Buffalo Bill hung
three feet above my head.
His spade-cut beard and arrow-eyes
tilted down at me from below
the wide lips of his hat brim,
spread around his head like eagle’s wings,
his horse’s backside reared upwards,
kicking at the sky as if to punt
the sun into its half-past-noon position.

He hung down the hall from James K. Polk,
from model combines, thrashers,
“Votes for Women” flags,
buffalo hide,
the bones, oxidized and dark
as tobacco spit,
of a ground sloth who milked
the land millennia before Bill
and his movable Wild West.

“I think the Beatles wrote a song about him.”
My dad’s voice jars me, even at a whisper,
in the halls of the museum,
empty but for us below the poster,
escaping the dry electric buzz
of heat lightening in Nebraska
that summer my eleventh year.

“Hey, Buffalo Bill, what did you kill, Buffalo Bill…”

Those weren’t the words, but this was our story,
the one for where we stood.
The one we could place
within the smell of wet corn,
the rot of wood we’d known.
We’d climbed in through the window
of the family house that morning—
not what once had been the family house,
now boarded up, a danger, overgrown
with poison ivy, thistle, nettles,
but what would always be ours,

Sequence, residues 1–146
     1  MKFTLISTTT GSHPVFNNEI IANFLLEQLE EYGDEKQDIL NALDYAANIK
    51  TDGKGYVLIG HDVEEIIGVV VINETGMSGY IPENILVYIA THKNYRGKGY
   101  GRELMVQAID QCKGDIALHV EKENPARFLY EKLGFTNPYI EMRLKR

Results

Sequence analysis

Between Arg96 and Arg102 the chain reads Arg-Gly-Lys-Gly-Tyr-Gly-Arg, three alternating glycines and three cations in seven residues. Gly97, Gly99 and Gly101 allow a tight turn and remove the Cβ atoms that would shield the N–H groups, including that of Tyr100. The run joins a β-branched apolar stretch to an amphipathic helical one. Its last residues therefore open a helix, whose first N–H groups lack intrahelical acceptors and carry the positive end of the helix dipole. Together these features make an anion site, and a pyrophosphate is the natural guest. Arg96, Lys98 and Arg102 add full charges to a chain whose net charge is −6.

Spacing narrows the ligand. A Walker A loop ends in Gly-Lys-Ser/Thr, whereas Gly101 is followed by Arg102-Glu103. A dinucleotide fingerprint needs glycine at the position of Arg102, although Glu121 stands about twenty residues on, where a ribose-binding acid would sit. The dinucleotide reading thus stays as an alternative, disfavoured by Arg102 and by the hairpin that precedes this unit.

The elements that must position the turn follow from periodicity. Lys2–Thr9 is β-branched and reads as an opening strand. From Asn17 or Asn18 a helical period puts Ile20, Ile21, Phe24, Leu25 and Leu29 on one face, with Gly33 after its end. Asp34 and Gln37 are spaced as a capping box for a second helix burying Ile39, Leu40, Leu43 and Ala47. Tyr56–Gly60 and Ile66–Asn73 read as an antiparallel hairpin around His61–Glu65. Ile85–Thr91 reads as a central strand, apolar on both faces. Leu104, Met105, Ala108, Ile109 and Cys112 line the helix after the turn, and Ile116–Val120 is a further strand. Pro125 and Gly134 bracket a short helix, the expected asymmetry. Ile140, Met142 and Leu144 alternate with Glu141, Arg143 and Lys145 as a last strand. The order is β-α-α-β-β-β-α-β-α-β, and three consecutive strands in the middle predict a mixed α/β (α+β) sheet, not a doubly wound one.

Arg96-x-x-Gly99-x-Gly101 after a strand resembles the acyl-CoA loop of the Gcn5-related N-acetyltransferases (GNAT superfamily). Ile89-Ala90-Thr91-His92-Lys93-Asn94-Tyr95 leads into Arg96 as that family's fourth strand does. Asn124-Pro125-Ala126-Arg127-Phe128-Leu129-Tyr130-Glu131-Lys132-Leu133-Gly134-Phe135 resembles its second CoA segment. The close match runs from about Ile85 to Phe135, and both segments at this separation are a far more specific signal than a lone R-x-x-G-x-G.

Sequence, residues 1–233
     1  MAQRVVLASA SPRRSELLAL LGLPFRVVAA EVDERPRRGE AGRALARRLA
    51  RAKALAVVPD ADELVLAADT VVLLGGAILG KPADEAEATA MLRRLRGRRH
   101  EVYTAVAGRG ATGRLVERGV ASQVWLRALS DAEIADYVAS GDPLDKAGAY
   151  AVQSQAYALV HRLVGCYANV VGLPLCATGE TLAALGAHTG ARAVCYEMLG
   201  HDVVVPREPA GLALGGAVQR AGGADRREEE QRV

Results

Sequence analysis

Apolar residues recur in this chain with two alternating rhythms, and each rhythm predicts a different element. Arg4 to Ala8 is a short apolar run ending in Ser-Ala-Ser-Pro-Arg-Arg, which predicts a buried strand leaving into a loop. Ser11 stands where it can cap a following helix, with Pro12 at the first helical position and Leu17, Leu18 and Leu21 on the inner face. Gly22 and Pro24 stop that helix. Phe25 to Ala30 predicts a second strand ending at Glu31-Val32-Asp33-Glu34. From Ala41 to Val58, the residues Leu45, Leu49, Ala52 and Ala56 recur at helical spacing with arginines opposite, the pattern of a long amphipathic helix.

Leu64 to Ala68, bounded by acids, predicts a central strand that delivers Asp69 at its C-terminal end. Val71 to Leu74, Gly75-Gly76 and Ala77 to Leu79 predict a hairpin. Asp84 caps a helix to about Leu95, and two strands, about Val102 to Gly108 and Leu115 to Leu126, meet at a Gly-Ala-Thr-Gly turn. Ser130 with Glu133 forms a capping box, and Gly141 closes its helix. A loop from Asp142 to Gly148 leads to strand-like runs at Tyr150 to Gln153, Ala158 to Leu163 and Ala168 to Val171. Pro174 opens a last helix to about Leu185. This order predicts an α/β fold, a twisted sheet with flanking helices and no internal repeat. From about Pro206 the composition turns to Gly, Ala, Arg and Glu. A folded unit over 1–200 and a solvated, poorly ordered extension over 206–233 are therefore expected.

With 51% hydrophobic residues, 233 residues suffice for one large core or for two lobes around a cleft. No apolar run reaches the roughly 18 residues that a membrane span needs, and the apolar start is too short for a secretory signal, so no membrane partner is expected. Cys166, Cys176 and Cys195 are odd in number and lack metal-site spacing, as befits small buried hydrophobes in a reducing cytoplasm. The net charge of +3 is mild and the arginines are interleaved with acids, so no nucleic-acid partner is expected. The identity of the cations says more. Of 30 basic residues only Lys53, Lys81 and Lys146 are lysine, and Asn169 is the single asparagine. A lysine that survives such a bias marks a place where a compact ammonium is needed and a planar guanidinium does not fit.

even as it sinks each year
deeper and deeper into the ground.

The house was not curated,

its artifacts not organized
into a theme or a progression
of a narrative that you could walk through,
its aging documented and spelled out in plaques
and neat chronologies, preserved
and vacuum-sealed in hypoallergenic

This house was wild.
Time had dumped all relics
randomly within its rooms,
as if the roof had opened up
and books and bottles had rained down,
not nourishing the soil but crashing
down to bury it.
It was kill or be killed.
Only the strong survived
the centuries.

The stained musk of fraying fibers
in a pocket-sized A Dog of Flanders;
dirt-caked blue glass mixing bowl;
report cards, spelunked
out of the caved-in crawlspace
of an attic, reading, Evelyn’s a bright student,
but talks too much in class.
These were the things I removed.

Their decay both sickened and alarmed
me like the birds that flew out startled
by my footsteps from within the old piano had,
while at once the living they embodied
thrilled me, comforted me,
overtook and toppled me completely
like an old story does,
like the place you always set it in,
existing in you for as long as you recall,
a spot you’ve never been to
but that somehow you are homesick for.

Like the smell of dwindling mesquite smoke
as it stirs a loneliness in you, the kind you relish
as you feel the world begin to swallow
you, alone without a compass while home
within your skin.

Like all the breaths I breathe in
as my own today, that hang
suspended in the condensation,
in the cracks between the bar bricks:
words that once were spoken there
that fill my head and swell
with the swelling ring beneath my glass,
my sour mash of corn.

Like my father’s mis-singing of the Beatles.

Like the heat in summertime Nebraska.

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